WILLIAMSTOWN, Mass. – Jon Meacham is a Pulitzer Prize-winning journalist and author who has made a career of studying and teaching about American history.
On Sunday morning, he gave the graduating seniors at Williams College the short course, and a lot of it was pretty bleak.
“We’re living in American democracy’s hour of maximum danger,” Meacham told the graduates and friends gathered on the college’s library quad. “That is not hyperbole. It is an age of declining trust and growing extremism, of spreading lies and an erosion of truth and a primacy of brute power and a deadly dearth of compassion and of neighborliness.
“You’re graduating into a country in great peril. We do ourselves no favors in pretending that it is different.”
The good news, Meacham said, is that the United States has proven in the past that it can overcome dark hours. And he said that Williams has prepared the Class of 2022 for the life of “entrepreneurial citizenship” that they will need to live to help democracy survive.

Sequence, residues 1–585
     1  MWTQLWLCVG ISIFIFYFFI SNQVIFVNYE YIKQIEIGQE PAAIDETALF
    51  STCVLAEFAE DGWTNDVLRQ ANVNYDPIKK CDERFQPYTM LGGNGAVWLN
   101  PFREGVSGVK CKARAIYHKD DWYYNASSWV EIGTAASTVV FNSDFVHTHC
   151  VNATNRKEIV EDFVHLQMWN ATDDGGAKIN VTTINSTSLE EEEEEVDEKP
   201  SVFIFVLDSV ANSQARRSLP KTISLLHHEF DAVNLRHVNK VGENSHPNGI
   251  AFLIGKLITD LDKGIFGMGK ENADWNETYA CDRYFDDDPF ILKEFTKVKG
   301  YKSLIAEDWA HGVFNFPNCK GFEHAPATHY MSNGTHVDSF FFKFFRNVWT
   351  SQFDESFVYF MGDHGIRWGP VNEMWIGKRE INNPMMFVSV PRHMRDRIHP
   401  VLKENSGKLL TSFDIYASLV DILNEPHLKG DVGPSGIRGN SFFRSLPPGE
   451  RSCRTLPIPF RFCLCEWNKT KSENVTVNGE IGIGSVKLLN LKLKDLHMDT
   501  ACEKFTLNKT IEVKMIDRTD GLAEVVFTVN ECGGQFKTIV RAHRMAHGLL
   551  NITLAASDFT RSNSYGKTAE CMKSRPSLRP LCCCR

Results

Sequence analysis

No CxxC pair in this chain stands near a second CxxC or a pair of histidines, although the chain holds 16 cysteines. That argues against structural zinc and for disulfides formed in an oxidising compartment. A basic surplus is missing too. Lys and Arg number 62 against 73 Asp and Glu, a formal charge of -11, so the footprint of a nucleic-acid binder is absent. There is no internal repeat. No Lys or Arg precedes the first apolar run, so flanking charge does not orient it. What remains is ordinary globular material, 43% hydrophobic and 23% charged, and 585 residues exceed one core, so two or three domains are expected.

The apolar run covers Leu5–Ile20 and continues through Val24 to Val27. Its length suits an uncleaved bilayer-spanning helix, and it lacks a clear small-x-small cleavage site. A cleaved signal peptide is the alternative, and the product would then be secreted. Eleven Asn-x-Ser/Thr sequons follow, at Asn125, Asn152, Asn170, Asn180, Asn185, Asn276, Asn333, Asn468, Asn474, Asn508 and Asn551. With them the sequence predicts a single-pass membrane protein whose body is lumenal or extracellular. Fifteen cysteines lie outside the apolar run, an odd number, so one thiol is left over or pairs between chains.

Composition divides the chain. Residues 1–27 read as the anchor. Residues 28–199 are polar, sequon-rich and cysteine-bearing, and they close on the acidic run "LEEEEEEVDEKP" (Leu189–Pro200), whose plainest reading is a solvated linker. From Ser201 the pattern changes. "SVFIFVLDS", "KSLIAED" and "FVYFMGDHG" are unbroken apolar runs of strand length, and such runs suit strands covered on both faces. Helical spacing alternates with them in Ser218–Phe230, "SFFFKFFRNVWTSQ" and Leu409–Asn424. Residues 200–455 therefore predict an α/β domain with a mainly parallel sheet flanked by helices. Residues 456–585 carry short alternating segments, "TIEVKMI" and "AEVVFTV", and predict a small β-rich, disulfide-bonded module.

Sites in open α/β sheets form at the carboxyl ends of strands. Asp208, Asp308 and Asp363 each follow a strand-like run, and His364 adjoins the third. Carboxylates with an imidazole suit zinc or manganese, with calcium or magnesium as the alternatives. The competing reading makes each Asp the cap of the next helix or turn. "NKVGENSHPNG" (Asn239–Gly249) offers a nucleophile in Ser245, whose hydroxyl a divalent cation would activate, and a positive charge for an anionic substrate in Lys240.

“Entrepreneurial citizenship is about a devotion to justice, to the pursuit of happiness – not only for yourself but for your friends, your families and your neighbors near and far, known and unknown,” Meacham said.
“Without understanding that we have to see each other as neighbors, democracy doesn’t work. And you don’t have to love your neighbor. You should. If everybody loved their neighbor, we wouldn’t have to have a commandment about it. But we do have to respect our neighbors, because that guarantees our own rights. Respecting someone else’s right is the fundamental covenant of democracy.”
But most of the graduates moving into the next phase of their lives on Sunday afternoon do so in a country where the Capitol was stormed, decades of precedent protecting a woman’s privacy and bodily autonomy are on the verge of being overturned, and “many choose to support the indiscriminate weapons of war within a civilian population, enabling the massacre of the innocent in our schools and in our stores.”